There is one moment which ought to define this match, and it's Torres' audacious overhead kick off the bar. If there were any lingering doubts about Fernando Torres' confidence, that shot should have ended them. An unconfident player doesn't go for the sublime acrobatic shot there, he chests it down and loses possession or has a weak shot or something else stupid. He didn't waste the chance, he nearly scored the goal of the season. I don't think that's hyperbolic at all. It was a near-carbon copy of Wayne Rooney's Goal of the Season-winning goal against City last year. Every time I see Fernando's goal that should have been, the sense of cosmic injustice I feel from the NandoMagic guiding it a few millimetres too high and onto the crossbar grows. It's the sort of thing which makes you believe in fate. I don't think you can deny that goal, had 'Nando's shot gone in, would have permanently etched Torres into Chelsea history for a positive reason. Obviously, he's already a part of it, being our[ seemingly] ill-fated record signing, but it would be nice if he can make a positive impression for us.
Fernando has a history of being on the wrong end of bad decisions by Phil Dowd, and I am starting to suspect him of being the High Priest of NandoMagic, sacrificing goats in his basement to earn the favour of the vindictive, Scouse prankster god who denies Fernando any joy. That, or he's just a regulation tosser. Yesterday, he denied Chelsea two penalties for fouls on Torres. The first non-call, on seeing it, I actually sort of agree with, but most of the time, it's given. I'm not sure Nando gets to the ball even if he isn't blocked off, and he went down somewhat easily, but I fully understand Chelsea fans feeling aggrieved. The second incident, which earned Fernando a yellow card for simulation, was, simply, wrong. It was a stonewall penalty, and definitely not a dive. Phil Bardsley took him out as he was running past and into the box. Had both been given and scored, it would have given Fernando his first Chelsea hat-trick[, albeit of assists]. It would also have avoided Sunderland's late rash of chances, and the fear involved with it.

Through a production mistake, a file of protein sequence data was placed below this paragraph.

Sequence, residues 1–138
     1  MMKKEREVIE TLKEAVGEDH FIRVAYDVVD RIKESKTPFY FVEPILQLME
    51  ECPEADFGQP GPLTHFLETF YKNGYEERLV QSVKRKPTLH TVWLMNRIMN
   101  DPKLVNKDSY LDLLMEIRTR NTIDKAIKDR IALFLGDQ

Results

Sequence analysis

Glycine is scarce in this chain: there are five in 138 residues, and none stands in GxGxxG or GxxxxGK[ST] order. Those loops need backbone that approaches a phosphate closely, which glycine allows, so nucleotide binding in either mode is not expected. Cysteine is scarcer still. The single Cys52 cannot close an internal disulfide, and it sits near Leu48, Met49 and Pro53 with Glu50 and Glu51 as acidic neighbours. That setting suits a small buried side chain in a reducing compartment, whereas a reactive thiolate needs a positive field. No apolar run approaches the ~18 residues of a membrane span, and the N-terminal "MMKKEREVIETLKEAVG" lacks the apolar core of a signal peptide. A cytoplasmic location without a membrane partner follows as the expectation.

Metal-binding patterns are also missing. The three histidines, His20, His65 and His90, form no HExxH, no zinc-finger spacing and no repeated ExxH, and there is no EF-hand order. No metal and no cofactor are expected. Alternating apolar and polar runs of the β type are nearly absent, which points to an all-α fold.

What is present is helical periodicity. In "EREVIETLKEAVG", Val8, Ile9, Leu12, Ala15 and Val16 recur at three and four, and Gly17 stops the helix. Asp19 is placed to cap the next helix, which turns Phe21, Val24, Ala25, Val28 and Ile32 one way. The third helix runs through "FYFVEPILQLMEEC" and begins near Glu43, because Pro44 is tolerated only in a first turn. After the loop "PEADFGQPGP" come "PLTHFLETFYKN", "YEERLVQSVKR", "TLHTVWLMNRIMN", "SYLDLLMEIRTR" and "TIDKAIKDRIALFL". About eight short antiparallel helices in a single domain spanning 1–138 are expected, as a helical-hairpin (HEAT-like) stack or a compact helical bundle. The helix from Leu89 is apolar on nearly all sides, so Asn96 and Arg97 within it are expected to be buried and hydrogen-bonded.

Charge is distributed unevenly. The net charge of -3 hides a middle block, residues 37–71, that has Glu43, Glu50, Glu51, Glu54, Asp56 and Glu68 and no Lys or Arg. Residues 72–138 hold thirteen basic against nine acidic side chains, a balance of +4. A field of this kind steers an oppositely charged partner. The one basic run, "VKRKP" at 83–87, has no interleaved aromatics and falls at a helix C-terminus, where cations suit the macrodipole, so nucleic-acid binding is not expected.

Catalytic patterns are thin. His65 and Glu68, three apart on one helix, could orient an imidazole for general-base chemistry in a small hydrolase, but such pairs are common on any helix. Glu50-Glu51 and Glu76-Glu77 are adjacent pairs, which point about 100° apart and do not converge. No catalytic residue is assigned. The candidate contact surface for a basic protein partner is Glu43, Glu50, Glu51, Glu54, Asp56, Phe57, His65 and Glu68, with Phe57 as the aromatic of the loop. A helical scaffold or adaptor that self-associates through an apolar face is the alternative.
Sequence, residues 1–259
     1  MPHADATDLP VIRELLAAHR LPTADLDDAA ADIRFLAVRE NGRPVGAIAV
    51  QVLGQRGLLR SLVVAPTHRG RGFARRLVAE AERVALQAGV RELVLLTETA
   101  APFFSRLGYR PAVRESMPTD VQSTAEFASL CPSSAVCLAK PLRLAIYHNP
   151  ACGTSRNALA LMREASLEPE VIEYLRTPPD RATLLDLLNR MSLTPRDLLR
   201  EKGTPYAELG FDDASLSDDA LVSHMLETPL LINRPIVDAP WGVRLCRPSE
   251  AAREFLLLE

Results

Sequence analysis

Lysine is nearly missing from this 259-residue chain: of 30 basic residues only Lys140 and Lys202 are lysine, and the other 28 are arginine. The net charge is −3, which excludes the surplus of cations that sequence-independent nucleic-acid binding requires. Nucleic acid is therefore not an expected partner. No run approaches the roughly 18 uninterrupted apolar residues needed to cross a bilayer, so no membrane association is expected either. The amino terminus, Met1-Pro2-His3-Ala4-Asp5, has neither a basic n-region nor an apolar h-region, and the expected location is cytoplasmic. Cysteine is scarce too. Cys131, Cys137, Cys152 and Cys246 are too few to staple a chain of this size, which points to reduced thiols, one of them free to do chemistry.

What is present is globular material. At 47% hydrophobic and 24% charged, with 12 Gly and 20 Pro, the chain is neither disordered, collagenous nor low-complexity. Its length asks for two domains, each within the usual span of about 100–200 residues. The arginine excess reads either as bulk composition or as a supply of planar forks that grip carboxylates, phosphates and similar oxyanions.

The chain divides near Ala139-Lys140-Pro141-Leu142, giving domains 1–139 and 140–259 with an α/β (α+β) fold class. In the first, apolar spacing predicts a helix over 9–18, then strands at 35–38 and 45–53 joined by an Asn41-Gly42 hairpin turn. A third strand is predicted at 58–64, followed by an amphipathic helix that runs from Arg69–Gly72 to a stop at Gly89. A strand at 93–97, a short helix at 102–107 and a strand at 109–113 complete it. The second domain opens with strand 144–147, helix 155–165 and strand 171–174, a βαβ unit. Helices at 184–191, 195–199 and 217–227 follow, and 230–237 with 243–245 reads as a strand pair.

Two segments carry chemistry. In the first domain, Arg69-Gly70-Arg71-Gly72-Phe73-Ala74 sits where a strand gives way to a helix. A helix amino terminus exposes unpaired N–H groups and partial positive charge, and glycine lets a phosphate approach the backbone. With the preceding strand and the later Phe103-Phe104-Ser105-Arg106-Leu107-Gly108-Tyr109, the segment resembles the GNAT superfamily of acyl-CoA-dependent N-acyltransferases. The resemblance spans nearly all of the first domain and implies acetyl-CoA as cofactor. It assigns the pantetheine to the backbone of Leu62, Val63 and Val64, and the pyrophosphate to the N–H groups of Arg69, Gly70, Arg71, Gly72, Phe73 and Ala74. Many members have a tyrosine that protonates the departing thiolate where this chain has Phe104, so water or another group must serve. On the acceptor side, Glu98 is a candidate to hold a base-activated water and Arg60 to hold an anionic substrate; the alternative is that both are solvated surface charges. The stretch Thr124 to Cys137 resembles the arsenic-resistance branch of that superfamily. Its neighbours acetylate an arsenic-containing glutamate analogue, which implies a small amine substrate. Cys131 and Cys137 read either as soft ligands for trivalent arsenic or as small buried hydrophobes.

Outside the three major incidents of the match, Fernando had three decent chances, which he was unlucky to score. Early in the match, he sent a header just wide of the post. It wasn't a great header, but Sunderland were actually defending well, and he was lucky to even get the header away at all. On the half hour, he had another header cleared by Kilgallon just off the line with Mignolet beaten. The final chance, in the fiftieth minute, saw Torres cut in from the right and lash a shot on target, which Mignolet did well to push wide. Yesterday was, by far, his best attacking performance for Chelsea. He had several chances yesterday, and only failed to score due to a combination of good defending and goalkeeping by Sunderland and NandoMagic.
All in all, the only way I can describe his performance against Sunderland is good. Not great, not good compared to how he's played for us in the past, just good. I am proud to have him as a striker as long as plays like did yesterday or better. He can be better, of course, but even if he doesn't get any better, he will start to score consistently, and be a player worth having. He'll, sadly, probably be a waste of money, whatever he does. For a long time, I felt I was fighting a losing battle in supporting Nando, but his recent performances have not only impressed the readers here, but, seemingly, Chelsea supporters in general. Multiple times during the match yesterday, his name was chanted from the stands at Stamford Bridge. It was great to see our fans finally vocally supporting their own prodigal son.